As often happens, a few days ago I was wandering around the net looking for news about David and, suddenly, I came across an image never seen before: a black and white portrait of a young David absorbed in reading, his thin face and the unmistakable hairstyle of the “Plastic Soul” period, wearing a simple Scottish shirt. The photo showed a signature, B. Vartan Boyajian. I thought of posting it in our Facebook group, to see if anyone had any more information about it and a user reported to me the page of the photographer: there I found an e-mail address, so I tried to contact him to get some information and, to my delight and surprise, I received a prompt reply with this moving remembrance that I quote to you in full
Thanks for interest.
The photo was taken at a chance meeting in the late 1970’s – I was traveling by train and decided to have dinner in the dining car – this is when we still had dining cars with waiters and chefs.
I was sitting alone at a table for 4 people when in walked David Bowie with a woman and a large man who I assumed was his security person. There were no other tables available so much to my surprise David asked if they could sit at my table. I of course was very excited as we sat and talked about his music and how he just finished a concert in New York City and was now on his way to Montreal. I remember him saying that he did not like flying much and that is why he was on the train. As for his music, he told me that most of it was thought up in dreams.
Funny thing happened during our dinner, a young guy walks through the dining car with “painters pants” on and the next thing I know Bowie whispers something to his body guard – the body guard leaves and 5 minutes later returns with the painters pants! (pant’s that had pockets down the side of the legs – in fashion back at the time).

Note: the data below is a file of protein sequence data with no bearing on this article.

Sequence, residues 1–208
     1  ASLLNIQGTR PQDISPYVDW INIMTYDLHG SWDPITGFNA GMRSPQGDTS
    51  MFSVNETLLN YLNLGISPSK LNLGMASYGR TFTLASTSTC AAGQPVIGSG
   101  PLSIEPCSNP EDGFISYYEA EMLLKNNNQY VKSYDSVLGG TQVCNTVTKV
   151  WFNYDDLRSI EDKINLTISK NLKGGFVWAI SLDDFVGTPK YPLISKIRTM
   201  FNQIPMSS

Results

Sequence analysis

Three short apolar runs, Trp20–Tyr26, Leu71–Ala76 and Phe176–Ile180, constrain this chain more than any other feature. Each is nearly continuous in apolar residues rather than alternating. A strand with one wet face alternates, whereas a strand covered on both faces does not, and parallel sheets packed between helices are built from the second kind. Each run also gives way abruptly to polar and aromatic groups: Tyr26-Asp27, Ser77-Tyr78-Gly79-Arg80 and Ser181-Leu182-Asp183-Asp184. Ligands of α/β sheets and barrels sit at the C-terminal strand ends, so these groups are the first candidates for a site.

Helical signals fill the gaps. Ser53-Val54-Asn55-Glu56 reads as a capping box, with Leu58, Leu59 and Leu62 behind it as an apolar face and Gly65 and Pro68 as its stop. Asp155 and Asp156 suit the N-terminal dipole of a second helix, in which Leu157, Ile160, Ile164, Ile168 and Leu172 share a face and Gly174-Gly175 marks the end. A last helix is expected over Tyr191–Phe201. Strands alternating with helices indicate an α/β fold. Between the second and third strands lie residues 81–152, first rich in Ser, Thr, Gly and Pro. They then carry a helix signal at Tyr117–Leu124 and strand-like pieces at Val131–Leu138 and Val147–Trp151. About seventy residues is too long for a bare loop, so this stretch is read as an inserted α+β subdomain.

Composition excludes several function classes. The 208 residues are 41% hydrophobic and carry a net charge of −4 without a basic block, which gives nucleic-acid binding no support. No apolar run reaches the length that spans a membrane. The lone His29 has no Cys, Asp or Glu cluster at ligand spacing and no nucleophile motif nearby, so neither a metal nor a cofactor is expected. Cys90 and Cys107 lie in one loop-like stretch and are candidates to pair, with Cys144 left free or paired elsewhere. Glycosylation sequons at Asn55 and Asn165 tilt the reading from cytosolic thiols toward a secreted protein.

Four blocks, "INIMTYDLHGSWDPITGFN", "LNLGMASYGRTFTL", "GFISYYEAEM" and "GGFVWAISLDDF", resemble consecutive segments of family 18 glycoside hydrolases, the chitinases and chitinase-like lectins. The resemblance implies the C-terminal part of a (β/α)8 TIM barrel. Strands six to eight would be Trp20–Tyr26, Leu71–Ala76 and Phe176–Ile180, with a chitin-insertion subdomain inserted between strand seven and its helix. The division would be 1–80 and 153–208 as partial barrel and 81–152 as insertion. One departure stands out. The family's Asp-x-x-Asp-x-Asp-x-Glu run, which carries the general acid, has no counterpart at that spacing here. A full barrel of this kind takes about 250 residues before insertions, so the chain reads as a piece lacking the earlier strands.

We were about to finish dinner and I told Bowie that I was a photographer and was wondering if I could take his photo – he agreed but I could only take one photo and without a flash, he said he did not want to draw attention to himself. So we went to the bar car and I was able to get that “one” shot – slightly underexposed as my Leica M3 did not have a meter.
It is a memory that I will never forget. My photography career has lead me to spend time with other celebrities including Frank Sinatra and Ringo Starr and many more but the Bowie meeting was really special.
I do sometimes think about how great it would have been if I would have begged for a job with David to be his personal photographer but I was too shy. He was an amazing musician and I cried the day he died but at least we still have his music.
We thank Mr Vartan Boyajian for sharing this precious testimony with us and for giving us the publication: we are happy and proud to be able to make it known to our readers too!
If you want to know the work of the photographer, this is his website: http://bvbphotography.com/